the buddha nature of falling skies

Dogen’s Treasury of the True Dharma Eye edited by Kaz Tanahashi: Treeness

Zahozhou was asked by a monk, “Does the cypress tree have buddha nature?”

Zhazhou answered, “It does.”

The monk said, “When does it become buddha?”

Zhazhou said, “When the sky falls to the ground.”

The monk said, “When does that happen?”

Zhazhou said: “When the cypress tree becomes buddha.”

This gives me a new appreciation of feeling like the sky is falling.  And since I  know the sky falls constantly, it must mean there is buddha nature constantly manifesting even in my fear-drenched world.  However, I don’t think that’s the real connection between the sky falling and the cypress tree becoming a buddha.

The resolution is in synchronous nature of Zhaozhou’s words: “When the sky falls to the ground” and “When the cypress tree become buddha.”

transmission of fetching water

Dogen’s Treasury of the True Dharma Eye edited by Kaz Tanahashi: Miracles

Layman Pang said “Miracles are nothing other than fetching water and carrying firewood.”

Dogen, writing on miracles, points out that we conflate the extraordinary with the ordinary.  Miracles happen “three thousand times in the morning and eight hundred times in the evening.”  We can only attain the way through the power of miracles.  But the miracle is not what we tend to think it is.  At one level, it is the everyday-ness of getting on with life, meeting each moment and responding to what is required.  At a deeper level, it is the thread of our history, the true transmission from time immemorial.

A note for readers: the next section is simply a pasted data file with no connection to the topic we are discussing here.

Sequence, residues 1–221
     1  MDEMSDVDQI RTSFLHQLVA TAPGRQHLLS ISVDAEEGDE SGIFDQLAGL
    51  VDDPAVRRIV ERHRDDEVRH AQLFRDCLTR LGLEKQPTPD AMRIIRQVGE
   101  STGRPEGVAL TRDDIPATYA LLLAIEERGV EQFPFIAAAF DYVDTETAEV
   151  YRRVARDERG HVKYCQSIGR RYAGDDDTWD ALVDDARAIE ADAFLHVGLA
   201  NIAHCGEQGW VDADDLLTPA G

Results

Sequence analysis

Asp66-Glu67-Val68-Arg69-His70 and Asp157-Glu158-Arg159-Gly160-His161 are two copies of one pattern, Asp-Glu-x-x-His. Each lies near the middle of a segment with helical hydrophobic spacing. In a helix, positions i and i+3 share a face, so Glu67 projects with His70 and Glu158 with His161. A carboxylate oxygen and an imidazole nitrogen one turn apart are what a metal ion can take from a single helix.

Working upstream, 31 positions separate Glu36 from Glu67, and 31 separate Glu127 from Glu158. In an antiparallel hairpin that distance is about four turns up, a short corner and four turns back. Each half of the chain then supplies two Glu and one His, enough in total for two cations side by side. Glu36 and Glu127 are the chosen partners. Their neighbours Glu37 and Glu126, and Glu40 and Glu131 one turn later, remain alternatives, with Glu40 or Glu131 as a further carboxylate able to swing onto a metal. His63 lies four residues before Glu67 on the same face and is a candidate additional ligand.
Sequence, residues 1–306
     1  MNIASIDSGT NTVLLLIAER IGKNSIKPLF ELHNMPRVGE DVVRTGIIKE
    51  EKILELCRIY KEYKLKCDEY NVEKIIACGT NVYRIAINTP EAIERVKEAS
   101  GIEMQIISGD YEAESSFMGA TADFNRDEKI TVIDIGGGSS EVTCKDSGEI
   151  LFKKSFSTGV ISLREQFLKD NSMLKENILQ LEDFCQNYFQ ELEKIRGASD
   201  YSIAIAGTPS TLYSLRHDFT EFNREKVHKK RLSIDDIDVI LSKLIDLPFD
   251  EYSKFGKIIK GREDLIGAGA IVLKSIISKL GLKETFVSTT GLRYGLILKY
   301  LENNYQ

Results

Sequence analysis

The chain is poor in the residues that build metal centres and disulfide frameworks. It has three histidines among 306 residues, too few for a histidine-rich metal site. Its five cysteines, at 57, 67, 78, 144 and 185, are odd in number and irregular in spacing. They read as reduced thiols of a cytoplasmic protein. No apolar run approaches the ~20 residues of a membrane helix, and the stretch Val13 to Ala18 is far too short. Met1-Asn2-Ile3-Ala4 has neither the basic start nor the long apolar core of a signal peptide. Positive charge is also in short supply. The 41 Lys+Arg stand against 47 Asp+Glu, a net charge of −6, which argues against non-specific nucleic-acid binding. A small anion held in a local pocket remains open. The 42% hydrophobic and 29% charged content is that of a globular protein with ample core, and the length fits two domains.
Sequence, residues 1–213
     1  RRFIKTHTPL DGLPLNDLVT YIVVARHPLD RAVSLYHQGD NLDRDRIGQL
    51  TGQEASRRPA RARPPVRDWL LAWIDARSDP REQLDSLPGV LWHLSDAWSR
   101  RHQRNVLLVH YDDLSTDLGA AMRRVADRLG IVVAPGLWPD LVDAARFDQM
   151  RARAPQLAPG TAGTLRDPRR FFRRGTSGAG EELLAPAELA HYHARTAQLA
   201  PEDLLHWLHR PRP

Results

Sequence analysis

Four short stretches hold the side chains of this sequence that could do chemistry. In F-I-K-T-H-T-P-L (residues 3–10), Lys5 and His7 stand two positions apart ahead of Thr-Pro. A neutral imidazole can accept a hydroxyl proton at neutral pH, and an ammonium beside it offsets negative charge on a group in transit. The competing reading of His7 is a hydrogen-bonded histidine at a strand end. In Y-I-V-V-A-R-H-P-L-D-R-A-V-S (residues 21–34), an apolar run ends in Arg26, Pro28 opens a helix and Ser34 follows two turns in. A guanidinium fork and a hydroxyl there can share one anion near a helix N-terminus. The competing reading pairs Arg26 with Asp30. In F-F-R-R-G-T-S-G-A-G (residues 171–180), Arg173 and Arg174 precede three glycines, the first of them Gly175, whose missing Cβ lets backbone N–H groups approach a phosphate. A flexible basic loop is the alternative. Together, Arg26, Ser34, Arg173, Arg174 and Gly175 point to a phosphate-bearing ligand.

(F)etching water is a great miracle.  The custom of fetching water and carrying firewood has not declined, as people have not ignored it.  It has come down from ancient times to today, and it has been transmitted from there to here.  Thus, miracles have not declined even for a moment.  Such are great miracles, which are no small matter.

I’m always amazed when I think of my practice as something new, something I have to “do” because I’ve been “doing” it for some years now.  The real miracle is that living a life of practice has not been ignored, it has come down to us from ancient times, silently and without fanfare.